Appropriation: None.
Fiscal Note: Available.
Effective Date: The bill contains an emergency clause and takes effect immediately.
Staff Summary of Public Testimony:

(In support) The DOC collects extremely sensitive information about incarcerated people that is not protected by the PRA or federal or state privacy laws, such as body scanner images, certain health information, and records related to the PREA.  Body scanner images show a person's body contour and genitalia in high definition.  Health information held outside of patient files are crucial records used to house people safely, provide accommodations for those with learning disabilities, and identify those who are transgender.  The DOC must also ask every person to disclose their medical and mental health conditions when they are sexually assaulted.  Survivors of violence are victimized all over again when their personal stories and information are released to the public without their consent.  Preventing the release of records created pursuant to the PREA is vital.  Due to a person's prior sexual victimization history or sexual orientation, victims can be up to 13 times more likely to be subject to sexual abuse and assault.  Failure to protect extremely sensitive information will result in inmates failing to provide critical information needed by prison staff to investigate allegations of sexual abuse, make housing and classification decisions, and maintain the inmate's safety.  This can impact the safety of the prison itself. 

People of color are over-represented in prisons and are therefore at an increased risk of violence, discrimination, and psychological trauma if extremely sensitive information about them is released.  Disclosure of this information can follow someone even after incarceration when trying to reenter society.  Releasing information about person's transgender history forever outs a person.  This means a lifetime of employment and housing discrimination while putting them at risk for gender-based violence.  A person's reentry plan may fall apart if their family or transitional housing program knew about their transgender status.  When so many sources are invested in reentry, it doesn't make sense to have policies that are contrary to successful reentry.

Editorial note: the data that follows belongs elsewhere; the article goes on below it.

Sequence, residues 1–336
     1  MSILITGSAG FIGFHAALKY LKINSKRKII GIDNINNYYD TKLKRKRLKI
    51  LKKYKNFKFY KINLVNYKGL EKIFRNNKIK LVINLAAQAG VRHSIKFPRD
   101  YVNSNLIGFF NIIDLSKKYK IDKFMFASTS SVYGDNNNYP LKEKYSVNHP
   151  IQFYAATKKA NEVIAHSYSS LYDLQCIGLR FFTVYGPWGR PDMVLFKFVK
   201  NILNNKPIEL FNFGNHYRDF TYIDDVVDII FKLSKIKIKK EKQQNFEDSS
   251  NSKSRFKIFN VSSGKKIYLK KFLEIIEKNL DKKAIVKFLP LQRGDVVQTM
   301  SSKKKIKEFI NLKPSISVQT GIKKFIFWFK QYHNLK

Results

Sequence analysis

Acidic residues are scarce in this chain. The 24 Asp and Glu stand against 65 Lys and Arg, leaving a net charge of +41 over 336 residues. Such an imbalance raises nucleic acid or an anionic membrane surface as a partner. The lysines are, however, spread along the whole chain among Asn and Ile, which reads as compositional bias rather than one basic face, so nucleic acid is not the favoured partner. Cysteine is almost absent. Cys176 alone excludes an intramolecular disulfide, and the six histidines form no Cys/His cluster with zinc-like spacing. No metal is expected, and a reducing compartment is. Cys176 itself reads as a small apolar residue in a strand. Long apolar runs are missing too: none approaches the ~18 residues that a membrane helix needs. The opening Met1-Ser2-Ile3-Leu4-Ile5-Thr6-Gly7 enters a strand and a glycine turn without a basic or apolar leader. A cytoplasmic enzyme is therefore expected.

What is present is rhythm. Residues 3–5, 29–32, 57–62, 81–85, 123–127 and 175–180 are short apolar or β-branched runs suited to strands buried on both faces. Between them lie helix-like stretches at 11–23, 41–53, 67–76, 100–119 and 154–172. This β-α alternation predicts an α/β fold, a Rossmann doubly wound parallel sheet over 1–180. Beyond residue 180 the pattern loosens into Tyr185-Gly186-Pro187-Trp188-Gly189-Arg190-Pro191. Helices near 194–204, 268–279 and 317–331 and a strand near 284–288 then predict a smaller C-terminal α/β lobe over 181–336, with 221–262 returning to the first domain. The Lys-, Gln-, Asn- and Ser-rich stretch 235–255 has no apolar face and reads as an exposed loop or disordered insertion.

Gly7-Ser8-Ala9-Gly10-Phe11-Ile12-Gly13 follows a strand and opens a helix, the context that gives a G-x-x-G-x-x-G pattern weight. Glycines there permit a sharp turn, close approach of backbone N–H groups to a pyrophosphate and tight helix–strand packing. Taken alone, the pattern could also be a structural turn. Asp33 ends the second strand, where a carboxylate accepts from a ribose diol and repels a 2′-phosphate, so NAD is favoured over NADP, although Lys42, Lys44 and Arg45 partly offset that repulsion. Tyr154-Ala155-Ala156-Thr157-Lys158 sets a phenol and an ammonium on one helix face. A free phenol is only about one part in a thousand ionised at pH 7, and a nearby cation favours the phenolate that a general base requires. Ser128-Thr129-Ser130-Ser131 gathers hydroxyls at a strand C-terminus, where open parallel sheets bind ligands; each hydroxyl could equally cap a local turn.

The policy in this bill aligns with Washington policy—jail records are strictly confidential.  This policy does not prevent data from being released in the aggregate.  It only prohibits extremely sensitive information about an individual from being released without their consent.


Last year, an anti-trans hate group along with several media companies requested sensitive information from the DOC.  After a federal law suit was filed, the court found that responding to the request would likely violate the state and federal constitutions and the court issued a stay of proceedings.  If the state does nothing, people may file lawsuits each time their information is requested which could be costly to the state.

(Opposed) Transgender inmates represent a small but significant portion of the incarcerated population which presents the DOC with certain challenges.  Requests were made for information on how transgender people are being housed and treated in prisons.  The media has an interest to make sure people are safely housed and serve their time in ways that don't treat them differently.  Certain things are important to know, such as infractions, incidents that gets a person earned time, and court ordered treatments.  In addition, when confinement results in injuries to people, it is important to know whether those people are being well treated.

Persons Testifying: (In support) SuYoung Yun, United Territories of Pacific Islanders Alliance Washington; Wendy Still; Julie Graham; Ethan Frenchman, Disability Rights Washington; Shannon Perez-Darby; Hailey Ockinga, Beyond These Walls; Alyssa Knight; Cindy Robinson; and Eric Matthes.
(Opposed) Rowland Thompson, Allied Daily Newspapers and Washington State Association of Broadcasters.
Persons Signed In To Testify But Not Testifying: None.